Three shots rang out as one and the man staggered back. Doyle started on his way towards Cowley and Bodie began to ease from his shooter’s stance. It was then Bodie became of aware of three things. The first was that Johnny was inexplicably rolling across the coffee table with such amazing fluidity that, if he’d had time, Bodie would have admired it; the second was an awareness of the man in the far doorway leading from the drawing room; and the third was that the man’s gun pointed directly at Doyle, there were two gunshots, and it was too late for Bodie to do a thing about it.
The explosion had taken them by surprise, their attention diverted by the sounds of gunfire coming from the grounds. Seconds before the front part of the house disintegrated Cowley had shouted for them to move back, some premonition perhaps or just the experience of an old fighter, Johnny wasn’t sure which, but whatever it was it had saved them. That was when the tear gas canister had rolled onto the ruined carpet, spilling out its noxious fumes.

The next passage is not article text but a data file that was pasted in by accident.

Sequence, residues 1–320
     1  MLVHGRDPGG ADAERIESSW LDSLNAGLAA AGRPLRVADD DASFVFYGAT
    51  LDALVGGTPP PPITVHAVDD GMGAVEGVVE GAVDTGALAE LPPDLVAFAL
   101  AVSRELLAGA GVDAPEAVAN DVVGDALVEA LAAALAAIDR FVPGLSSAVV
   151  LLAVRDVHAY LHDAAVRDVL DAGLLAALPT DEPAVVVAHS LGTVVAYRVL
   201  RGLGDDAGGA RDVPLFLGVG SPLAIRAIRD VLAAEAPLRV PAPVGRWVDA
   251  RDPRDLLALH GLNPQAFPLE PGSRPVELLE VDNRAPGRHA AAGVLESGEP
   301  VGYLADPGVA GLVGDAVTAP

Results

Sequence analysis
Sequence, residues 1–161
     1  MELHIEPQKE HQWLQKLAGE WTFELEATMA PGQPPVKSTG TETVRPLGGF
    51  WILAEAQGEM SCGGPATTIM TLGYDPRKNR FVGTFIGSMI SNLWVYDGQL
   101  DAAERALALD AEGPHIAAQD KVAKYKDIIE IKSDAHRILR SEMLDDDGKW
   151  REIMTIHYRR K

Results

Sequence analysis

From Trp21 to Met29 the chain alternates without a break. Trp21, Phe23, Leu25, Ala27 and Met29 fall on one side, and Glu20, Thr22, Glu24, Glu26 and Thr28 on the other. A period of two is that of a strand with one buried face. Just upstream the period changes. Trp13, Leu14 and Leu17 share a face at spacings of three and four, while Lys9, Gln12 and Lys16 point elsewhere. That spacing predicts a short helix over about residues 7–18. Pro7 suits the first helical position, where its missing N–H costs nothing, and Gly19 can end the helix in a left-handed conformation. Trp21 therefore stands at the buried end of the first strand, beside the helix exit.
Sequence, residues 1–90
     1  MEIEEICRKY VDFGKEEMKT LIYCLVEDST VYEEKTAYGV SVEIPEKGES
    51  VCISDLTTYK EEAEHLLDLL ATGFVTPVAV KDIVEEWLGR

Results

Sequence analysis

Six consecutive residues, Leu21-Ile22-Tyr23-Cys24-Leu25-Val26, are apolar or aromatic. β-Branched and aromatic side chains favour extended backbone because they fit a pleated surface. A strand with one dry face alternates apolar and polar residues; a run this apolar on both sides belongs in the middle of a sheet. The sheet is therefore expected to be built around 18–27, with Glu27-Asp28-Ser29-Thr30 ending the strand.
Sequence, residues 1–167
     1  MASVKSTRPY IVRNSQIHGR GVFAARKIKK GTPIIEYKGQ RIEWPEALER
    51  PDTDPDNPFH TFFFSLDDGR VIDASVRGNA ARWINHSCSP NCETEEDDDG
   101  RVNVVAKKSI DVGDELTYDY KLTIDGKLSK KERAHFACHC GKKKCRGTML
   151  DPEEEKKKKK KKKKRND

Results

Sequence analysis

The bullet hit Cowley in the shoulder as he herded them back through the drawing room to the library, the shooter appearing out of the swirling mist of gas like a deadly apparition. Barely a minute later they were trapped in the library, a wounded Cowley trying to turn and fire at the gas-masked monster. At the same moment both Bodie and Doyle appeared as if my magic, their guns blazing and everyone’s attention was riveted on the sole gunman.
How or why Johnny noticed the other man moving into the library from the other doorway leading from the drawing room and lifting his firearm to aim at Doyle, he could never explain afterwards. But see him he did and his reaction was almost instinctive as he took a rolling dive over the coffee table to reach the gun he knew Bodie had hidden underneath, coming up, gun in hand and already firing a second later.